Ann Arbor, MI—Pharmacists have a daunting task ahead of them, with a new poll indicating that the vast majority of patients aged 50 years and older have never had a medication review.
That is especially significant since two-thirds of older adults rely on at least two prescription drugs, and more than half take two or more nonprescription drugs or supplements, according to a report from the University of Michigan’s (U-M) Institute for Healthcare Policy and Innovation (IHPI). Furthermore, 20% are on five or more prescription drugs, with some of them having adverse interaction.
Yet, the National Poll on Healthy Aging, conducted by U-M and supported by the American Association of Retired Persons (AARP) and Michigan Medicine, indicates that more than 75% of them haven’t had a pharmacist review their medications.
Even with Medicare Part D plans, which offer free in-depth medication reviews for enrollees who meet their eligibility criteria, participation is usually is low. The survey points out that 85% of Medicare Part D enrollees who had not had a medication review didn’t even know they could be eligible for one. At the same time, with some non-Medicare plans also covering reviews, 86% of all older adult beneficiaries without a medication review said they weren’t aware that it could be covered.
The National Poll on Health Aging gathered responses from a national sample of more than 2,000 adults aged 50 to 80 years.
The poll team worked with two faculty members of the U-M College of Pharmacy who have studied the issue of multiple medication use, and the policies and practices aimed at improving use and reducing the risky side effects they can cause.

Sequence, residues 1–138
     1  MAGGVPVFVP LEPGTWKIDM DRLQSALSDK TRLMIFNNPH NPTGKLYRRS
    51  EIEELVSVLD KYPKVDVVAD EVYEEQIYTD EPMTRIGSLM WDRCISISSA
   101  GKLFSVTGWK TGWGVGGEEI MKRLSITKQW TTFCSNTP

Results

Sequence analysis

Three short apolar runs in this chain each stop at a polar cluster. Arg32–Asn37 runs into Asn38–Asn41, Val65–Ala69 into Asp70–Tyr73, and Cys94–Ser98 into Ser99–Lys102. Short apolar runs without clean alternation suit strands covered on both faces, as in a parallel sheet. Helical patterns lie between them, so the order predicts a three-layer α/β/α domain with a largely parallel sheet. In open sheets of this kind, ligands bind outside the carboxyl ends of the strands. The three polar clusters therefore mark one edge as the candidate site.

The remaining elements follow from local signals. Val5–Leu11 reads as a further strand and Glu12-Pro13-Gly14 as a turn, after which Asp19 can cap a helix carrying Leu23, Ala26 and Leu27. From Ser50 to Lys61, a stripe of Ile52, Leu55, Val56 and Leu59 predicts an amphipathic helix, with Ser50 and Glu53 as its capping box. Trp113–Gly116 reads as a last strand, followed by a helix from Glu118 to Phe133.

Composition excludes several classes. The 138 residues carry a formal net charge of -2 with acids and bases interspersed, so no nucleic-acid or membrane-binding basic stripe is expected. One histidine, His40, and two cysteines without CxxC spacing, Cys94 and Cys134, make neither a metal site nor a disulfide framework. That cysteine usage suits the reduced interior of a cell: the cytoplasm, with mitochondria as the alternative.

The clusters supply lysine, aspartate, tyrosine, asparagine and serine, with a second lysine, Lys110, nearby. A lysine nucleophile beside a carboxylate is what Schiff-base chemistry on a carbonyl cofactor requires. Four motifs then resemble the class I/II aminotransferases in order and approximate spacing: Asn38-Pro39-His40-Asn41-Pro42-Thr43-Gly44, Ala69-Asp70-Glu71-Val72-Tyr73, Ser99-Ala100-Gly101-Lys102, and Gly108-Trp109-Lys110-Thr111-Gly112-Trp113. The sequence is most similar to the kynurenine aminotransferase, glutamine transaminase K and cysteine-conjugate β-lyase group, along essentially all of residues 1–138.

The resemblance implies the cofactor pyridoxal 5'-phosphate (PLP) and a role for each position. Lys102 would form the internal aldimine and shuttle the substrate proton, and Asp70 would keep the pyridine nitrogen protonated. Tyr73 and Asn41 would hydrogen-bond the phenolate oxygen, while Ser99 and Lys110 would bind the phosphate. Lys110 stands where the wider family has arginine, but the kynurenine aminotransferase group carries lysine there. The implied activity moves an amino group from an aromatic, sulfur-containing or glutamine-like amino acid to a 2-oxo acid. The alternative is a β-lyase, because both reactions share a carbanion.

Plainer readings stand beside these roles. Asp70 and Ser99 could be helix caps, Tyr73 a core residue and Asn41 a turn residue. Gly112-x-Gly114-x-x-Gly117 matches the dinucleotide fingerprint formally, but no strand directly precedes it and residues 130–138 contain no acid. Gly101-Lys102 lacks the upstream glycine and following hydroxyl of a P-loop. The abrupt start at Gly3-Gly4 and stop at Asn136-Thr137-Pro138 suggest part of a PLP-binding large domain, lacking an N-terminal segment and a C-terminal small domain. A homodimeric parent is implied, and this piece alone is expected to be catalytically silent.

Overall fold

“These results show the importance of continuing efforts by physicians, pharmacists, other health care providers, insurers and policymakers to help older adults understand the importance of medication reviews,” says Antoinette B. Coe, PharmD, PhD, an assistant professor of clinical pharmacy who helped with the polling.
Karen B. Farris, PhD, MPA, professor of clinical pharmacy, who also was an advisor, added, “Since older adults with multiple chronic illnesses and medications, high medication costs and Part D Medicare coverage may qualify for a covered medication review, and their health plans are graded publicly on how many qualified participants receive a review, our finding that so many are unaware of the option is surprising.”
Both Coe and Farris emphasized that older adults at the highest risk of drug interactions and that those on five or more prescription medications were more likely to have had a comprehensive medication review, although there still is room for improvement.
When the poll queried older adults on multiple medications as to whether they be interested in going over them with a pharmacist, more than a third said they would.
The poll determined that the likelihood for a poll respondent to take multiple prescription and OTC medications increased with age. Nearly a third of respondents aged 65 years and older reporting taking multiple medications.
In addition, 15% of those in the older cohort said they take five or OTC medications, vitamins, and supplements, compared with 9% of those in their 50s and early 60s, according to the report.
The National Poll on Healthy Aging results are based on responses from a nationally representative sample of 2,048 adults aged 50 to 80 years who answered a wide range of questions online. Questions were written, and data interpreted and compiled, by the IHPI team. Laptops and Internet access were provided to poll respondents who did not already have them.
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